Of course, some one-man bands grow into larger firms. However, the increase in the number of people setting up companies has been among those doing very small amounts of business. Most are below the £79,000 turnover threshold for VAT. While the total number of businesses has increased by over 40 percent, the number of employers and VAT registered businesses increased roughly in line with the size of the workforce. Whatever else is happening, the number of startups is not leading to an increase in the number of SMEs.
The increase in the number of low-turnover and low-paying businesses suggests that much of the rise in self-employment is due to the weak economy. People have started their own businesses as a way of avoiding unemployment. As CIPD economist John Philpott said, it is these Odd Jobbers who have been keeping the unemployment figures low. The rise in self-employment, then, is a symptom of a weakening economy.
#3 Countries with high self-employment rates tend to be poorer.
A high rate of self-employment is rarely the sign of a dynamic economy. High self-employment is generally a feature of poor countries. As the OECD commented:
In general, self-employment rates are highest in countries with low per capita income although Italy, with a self-employment rate of around 25.5%, is an exception.
Self-employment rates as a percentage of total employment
Source: OECD Factbook
The wealthier countries in the OECD have lower levels of self-employment. The USA, despite its image as the home of entrepreneurialism has one of the lowest. On just about any measure, America is not a small business country. Worldwide, there is a negative correlation between self-employment rates and per capita GDP.
Britain’s rapid rise in the rate of self-employment, the highest increase in the OECD, is making us look more like the low-productivity, low per-capita GDP countries of southern Europe.
Self-employment, then, is a feature of poorer countries. In general, it pays less than employment and half of the self-employed are close to the minimum wage. There is also nothing to suggest that lots of business start-ups will lead to the development of more viable businesses in the future.
Sure, most of the self-employed say they are happier than when they worked and, even allowing for some self-affirming bias, this is probably true. For the economy as a whole, though, there is little to celebrate about the rise in self-employment. It means lots of people on low pay, on in-work benefits and not paying very much in tax. Like zero-hours contracts and the rise in part-time work, increased self-employment is another symptom of an economy that can’t create enough well paid full-time jobs.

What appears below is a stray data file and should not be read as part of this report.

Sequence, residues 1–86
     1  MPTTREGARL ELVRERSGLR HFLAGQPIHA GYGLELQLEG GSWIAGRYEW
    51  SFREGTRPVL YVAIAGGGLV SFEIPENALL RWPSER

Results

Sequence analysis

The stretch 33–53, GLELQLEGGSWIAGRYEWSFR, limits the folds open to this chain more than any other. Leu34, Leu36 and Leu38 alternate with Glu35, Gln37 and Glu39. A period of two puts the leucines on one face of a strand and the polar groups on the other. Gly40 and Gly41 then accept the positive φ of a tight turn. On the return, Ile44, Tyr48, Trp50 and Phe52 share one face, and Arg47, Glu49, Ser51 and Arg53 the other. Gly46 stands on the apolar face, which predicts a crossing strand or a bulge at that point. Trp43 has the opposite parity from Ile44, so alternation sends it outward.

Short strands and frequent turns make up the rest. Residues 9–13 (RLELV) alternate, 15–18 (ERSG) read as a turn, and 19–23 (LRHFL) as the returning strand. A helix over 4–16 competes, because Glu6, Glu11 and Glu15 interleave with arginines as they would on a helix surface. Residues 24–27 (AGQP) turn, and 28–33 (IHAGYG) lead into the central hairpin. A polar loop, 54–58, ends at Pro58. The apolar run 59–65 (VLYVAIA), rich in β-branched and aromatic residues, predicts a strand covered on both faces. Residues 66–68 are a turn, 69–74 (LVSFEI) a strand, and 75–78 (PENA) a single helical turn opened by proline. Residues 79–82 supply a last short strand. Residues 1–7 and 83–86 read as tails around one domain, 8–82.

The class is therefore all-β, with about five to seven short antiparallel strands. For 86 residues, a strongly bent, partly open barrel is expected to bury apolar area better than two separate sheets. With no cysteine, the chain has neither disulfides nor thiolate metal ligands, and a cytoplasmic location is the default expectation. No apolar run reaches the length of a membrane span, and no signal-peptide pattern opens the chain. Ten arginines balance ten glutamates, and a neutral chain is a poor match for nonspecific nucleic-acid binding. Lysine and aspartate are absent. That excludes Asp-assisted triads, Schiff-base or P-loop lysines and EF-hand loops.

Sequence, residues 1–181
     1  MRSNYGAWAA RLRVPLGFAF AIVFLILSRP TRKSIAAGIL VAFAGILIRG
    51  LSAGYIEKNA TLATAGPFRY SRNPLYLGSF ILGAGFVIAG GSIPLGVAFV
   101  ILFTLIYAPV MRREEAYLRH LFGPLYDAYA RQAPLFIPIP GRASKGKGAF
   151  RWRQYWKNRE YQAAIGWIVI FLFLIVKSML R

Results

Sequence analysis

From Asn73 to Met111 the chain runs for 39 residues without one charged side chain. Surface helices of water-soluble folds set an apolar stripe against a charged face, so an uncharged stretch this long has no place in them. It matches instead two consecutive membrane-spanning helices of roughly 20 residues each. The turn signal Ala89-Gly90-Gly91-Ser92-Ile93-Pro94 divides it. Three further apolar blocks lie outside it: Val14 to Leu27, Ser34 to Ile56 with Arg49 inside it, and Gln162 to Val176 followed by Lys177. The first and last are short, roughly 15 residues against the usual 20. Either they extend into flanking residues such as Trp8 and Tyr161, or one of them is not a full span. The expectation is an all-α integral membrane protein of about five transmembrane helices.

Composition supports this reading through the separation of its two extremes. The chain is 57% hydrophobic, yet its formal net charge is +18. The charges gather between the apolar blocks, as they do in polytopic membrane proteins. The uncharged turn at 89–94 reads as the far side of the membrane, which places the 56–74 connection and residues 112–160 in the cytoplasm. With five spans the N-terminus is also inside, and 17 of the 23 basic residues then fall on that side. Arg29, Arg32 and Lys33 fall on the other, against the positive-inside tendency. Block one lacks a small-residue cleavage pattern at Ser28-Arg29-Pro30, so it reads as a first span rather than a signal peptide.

Having said that, the data also suggests that at least some of this increase is long-term. The number of small, non-employing businesses was increasing before the financial crisis. The economic downturn just gave the trend a boost.
As the economy and the labour market improve, it is likely that the number of self-employed workers will fall. The longer-term trend, though, indicates that the rate of self-employment will not go back to where it was before the recession. Having got into the habit of using freelance and contract labour, it looks likely that employers will continue do so, to a greater extent than they did in the past. Some of what the Resolution Foundation described as a “historic migration of employees into self-employment” may therefore turn out to be permanent.
The RSA and Etsy are exploring similar themes in a new project, The Power of Small. Click here to find out more.
The RSA and Etsy will shortly publish a report highlighting the dramatic growth in the number of microbusinesses in the UK. Here we trail some of the findings from a Populus survey we conducted as part of the research.
Readers of this blog will know that the RSA has been paying a great deal of attention to microbusinesses of late. Why so?
The simple reason is because they are growing at such an astonishing rate. According to our analysis of the data, the number of microbusinesses (defined as firms with 0-9 employees) has grown by around 620,000 since 2008 to reach 4.7 million firms. Likewise, the proportion of people in self-employment has reached a record level.
A number of commentators have asked what the growth of the microbusiness community will mean for the economy and wider society – for living standards, jobs growth, innovation and productivity. But few have questioned what it could mean for political and social attitudes. This is surprising, since the self-employed are becoming a powerful electoral force to be reckoned with. In a previous blog, I laid out our (somewhat crude) prediction that the number of people who work for themselves will soon outnumber those employed in the public sector.